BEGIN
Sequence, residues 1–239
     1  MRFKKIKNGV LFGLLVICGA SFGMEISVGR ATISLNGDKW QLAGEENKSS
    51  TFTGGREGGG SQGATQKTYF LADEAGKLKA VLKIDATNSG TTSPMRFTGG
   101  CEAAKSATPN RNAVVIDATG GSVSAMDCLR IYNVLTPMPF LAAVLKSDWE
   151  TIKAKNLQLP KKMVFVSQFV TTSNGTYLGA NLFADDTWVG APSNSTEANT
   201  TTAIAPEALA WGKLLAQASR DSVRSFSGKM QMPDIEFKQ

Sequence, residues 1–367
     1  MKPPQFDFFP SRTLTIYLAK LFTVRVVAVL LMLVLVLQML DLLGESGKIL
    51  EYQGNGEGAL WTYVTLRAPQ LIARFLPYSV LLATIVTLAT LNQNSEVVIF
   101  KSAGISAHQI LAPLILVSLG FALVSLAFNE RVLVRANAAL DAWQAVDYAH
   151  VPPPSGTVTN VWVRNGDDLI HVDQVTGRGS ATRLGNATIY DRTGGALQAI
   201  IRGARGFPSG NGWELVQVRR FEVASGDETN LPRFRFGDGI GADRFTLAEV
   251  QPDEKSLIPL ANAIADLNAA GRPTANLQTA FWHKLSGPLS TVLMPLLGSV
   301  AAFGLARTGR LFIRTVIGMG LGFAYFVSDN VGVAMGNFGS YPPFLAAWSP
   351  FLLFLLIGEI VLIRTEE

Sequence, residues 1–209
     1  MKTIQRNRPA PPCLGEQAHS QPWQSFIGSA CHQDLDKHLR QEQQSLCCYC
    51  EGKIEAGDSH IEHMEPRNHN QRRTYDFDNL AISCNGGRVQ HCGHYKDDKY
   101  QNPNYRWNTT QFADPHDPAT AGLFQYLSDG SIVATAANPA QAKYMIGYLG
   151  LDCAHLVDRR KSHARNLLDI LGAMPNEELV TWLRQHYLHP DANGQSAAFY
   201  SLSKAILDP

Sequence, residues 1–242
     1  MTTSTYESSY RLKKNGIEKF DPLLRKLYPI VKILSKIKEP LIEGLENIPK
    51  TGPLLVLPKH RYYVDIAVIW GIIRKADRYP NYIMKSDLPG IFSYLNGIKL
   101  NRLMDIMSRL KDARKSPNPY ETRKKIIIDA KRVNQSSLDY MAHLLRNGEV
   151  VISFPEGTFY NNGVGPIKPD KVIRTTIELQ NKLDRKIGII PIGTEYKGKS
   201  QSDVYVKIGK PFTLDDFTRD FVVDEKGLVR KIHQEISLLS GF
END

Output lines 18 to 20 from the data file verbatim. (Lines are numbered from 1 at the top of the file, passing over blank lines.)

    51  EGKIEAGDSH IEHMEPRNHN QRRTYDFDNL AISCNGGRVQ HCGHYKDDKY
   101  QNPNYRWNTT QFADPHDPAT AGLFQYLSDG SIVATAANPA QAKYMIGYLG
   151  LDCAHLVDRR KSHARNLLDI LGAMPNEELV TWLRQHYLHP DANGQSAAFY